Leapin' Leprechauns: Too Many Leprechauns by Steven Krensky
FINN O'FINNEGAN LOOKED LIKE A ROGUE AND WALKED LIKE A RASCAL, SO IT WAS WIDELY THOUGHT THAT HE WAS AT LEAST ONE OR THE OTHER.
And it turns out that a rogue and a rascal is just what the town of Dingle needs. Finn O'Finnegan has had enough of life in the big city and returns to his mother's board and bed, hoping for no more than plenty of her soda bread and a bit of loafing.
But things are amiss down in Dingle. The farmer is feeding the cow her own milk, and the hen is offered her own fresh eggs sunny side up for breakfast. Why are all the folks' wits so fried?
It seems that Dingle is awash in green--in the form of a colony of immigrant leprechauns which has taken over the town and is growing rich and plump from the footwear trade. Gold is rolling in and the leprechauns are running three shoe making shifts a day, and all that tapping from tiny hammers is keeping the regular citizens awake 24/7. Something must be done. Finn has to find a way to out-source the wee shoemakers or he can kiss his mam's delicious soda bread goodbye.
Suffice it to say that that rascal Finn indeed tricks the green-clad tricksters themselves into believing that he has stolen their gold away and is holding it ransom until they relocate their manufacturing to another site. There's even a lovely rainbow at the foot of which that gold can be stashed, and before you know it, Finn's well-rested Mam is in the kitchen stirring up a batch of soda bread for her darling boy and, just as you knew it would be,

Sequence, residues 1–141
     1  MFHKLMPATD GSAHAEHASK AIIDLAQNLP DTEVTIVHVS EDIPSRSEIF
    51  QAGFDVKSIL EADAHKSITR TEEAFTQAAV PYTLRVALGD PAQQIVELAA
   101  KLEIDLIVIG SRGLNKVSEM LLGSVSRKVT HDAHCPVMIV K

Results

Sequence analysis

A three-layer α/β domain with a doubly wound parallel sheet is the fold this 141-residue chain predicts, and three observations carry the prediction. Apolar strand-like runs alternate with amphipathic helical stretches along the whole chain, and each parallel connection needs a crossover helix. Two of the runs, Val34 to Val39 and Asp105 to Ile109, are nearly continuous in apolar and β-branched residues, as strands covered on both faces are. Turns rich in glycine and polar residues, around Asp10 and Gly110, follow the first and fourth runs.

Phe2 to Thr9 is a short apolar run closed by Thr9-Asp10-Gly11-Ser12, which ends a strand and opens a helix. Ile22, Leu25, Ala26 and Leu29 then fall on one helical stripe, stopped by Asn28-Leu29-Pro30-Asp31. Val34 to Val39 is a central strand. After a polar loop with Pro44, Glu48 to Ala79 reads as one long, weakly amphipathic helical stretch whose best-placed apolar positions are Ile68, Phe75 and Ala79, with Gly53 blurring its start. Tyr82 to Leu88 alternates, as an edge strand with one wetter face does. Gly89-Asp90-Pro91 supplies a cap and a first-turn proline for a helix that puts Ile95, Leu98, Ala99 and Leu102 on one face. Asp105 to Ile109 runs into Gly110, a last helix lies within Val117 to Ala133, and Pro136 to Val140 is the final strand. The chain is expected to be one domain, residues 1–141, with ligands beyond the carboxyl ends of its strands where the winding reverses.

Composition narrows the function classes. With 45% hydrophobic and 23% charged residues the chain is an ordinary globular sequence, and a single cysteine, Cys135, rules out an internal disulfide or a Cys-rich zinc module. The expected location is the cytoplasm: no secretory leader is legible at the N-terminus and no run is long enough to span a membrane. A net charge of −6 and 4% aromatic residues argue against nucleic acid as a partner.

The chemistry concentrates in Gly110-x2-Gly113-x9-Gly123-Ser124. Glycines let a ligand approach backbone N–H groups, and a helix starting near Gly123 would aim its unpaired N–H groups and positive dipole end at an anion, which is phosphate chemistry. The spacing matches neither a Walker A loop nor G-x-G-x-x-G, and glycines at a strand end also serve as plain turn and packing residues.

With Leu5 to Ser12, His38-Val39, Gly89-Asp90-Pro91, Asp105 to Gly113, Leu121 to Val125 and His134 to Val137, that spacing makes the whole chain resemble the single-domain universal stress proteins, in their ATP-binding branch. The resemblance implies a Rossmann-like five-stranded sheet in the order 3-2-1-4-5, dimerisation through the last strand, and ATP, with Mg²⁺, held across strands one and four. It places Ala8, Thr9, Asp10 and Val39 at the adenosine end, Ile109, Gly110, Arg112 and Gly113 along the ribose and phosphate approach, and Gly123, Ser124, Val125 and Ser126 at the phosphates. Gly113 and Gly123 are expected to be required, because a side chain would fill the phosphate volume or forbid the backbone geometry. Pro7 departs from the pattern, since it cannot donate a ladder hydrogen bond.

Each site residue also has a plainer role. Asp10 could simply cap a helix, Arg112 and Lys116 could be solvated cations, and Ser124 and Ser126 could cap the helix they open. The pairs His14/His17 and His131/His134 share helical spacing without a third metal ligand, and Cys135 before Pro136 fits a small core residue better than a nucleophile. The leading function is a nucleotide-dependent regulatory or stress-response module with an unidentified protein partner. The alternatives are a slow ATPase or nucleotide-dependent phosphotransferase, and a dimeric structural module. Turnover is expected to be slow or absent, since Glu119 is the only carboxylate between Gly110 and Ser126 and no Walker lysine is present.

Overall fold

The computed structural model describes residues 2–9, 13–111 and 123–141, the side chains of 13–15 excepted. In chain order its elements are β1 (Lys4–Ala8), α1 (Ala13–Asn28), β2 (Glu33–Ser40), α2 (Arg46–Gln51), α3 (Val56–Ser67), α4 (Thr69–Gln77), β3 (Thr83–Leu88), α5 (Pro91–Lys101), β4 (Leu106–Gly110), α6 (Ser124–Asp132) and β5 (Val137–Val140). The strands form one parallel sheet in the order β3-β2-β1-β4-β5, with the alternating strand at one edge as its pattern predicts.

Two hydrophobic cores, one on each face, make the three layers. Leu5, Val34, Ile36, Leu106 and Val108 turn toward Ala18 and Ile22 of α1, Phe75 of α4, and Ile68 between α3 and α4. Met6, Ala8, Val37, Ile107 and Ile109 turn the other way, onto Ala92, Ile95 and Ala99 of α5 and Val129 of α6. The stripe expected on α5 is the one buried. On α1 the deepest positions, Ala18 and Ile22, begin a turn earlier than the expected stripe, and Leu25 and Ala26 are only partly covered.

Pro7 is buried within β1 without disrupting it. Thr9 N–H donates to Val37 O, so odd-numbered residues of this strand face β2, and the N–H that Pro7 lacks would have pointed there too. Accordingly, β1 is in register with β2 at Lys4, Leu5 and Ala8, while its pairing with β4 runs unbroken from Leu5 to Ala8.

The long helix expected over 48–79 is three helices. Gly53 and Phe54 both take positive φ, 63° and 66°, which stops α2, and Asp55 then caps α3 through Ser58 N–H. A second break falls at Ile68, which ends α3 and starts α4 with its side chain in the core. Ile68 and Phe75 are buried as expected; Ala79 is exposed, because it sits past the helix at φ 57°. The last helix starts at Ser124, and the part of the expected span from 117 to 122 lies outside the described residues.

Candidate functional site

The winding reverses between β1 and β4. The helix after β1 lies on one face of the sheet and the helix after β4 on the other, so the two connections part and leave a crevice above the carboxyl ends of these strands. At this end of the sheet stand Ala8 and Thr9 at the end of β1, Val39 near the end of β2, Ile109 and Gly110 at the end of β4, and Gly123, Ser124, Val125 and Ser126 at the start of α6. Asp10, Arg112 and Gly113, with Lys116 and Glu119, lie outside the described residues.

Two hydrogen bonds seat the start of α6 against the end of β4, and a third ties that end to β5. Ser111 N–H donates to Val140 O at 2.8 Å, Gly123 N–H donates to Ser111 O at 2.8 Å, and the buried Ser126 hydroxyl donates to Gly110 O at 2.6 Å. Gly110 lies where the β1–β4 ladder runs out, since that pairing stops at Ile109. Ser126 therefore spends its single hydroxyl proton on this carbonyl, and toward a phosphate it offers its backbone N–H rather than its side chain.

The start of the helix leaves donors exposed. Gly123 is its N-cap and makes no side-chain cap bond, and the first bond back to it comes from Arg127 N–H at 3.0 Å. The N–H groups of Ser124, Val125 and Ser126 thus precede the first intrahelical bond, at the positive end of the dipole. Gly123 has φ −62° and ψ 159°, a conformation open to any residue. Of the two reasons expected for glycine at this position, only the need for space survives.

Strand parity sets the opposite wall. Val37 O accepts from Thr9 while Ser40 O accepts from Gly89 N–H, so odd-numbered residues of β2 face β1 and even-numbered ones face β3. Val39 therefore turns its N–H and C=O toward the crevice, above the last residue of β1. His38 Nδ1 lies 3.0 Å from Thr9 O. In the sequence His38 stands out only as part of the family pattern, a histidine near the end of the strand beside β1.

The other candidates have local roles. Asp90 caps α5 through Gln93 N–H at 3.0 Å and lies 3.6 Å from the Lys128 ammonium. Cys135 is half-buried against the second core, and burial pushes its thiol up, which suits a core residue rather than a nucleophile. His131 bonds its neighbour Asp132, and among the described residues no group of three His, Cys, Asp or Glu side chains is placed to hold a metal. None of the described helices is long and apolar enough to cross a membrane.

LEPRECHAUNS HAVE KEPT THEIR GOLD AT THE END OF THE RAINBOW EVER SINCE.
Stephen Krensky, the holiday-meister of children's lit has in his Too Many Leprechauns: Or How That Pot o' Gold Got to the End of the Rainbow, (Simon & Schuster) a funny St. Patrick's Day story that hits all the marks, ably assisted by the lovely green-paletted oil paintings of illustrator Dan Andreason, who offers up all the thatched cottages and stone-walled Irish greensward anyone could want in a story for March 17--or any other day when you want to feel lucky.
And if it be a tale of a lucky lass ye be wantin', then don't miss Fiona's Luck (Charlesbridge). In this one, it's the native Irish leprechauns who feel pressured by the immigrant humans. When the Leprechaun King decides to drive the people out by locking up all the luck in old Eire, the ensuing potato famine and other disasters do indeed convince a lot of the human population to move away, until the feisty Fiona comes along to outdo the leprechaun lot with her quick wit.
Other treasured tales for the wearin' o' the green include Lorna Balian's evergreen Leprechauns Never Lie, Eve Bunting's golden classic, That's What Leprechauns Do, and Henry Cole's magical The Leprechaun's Gold.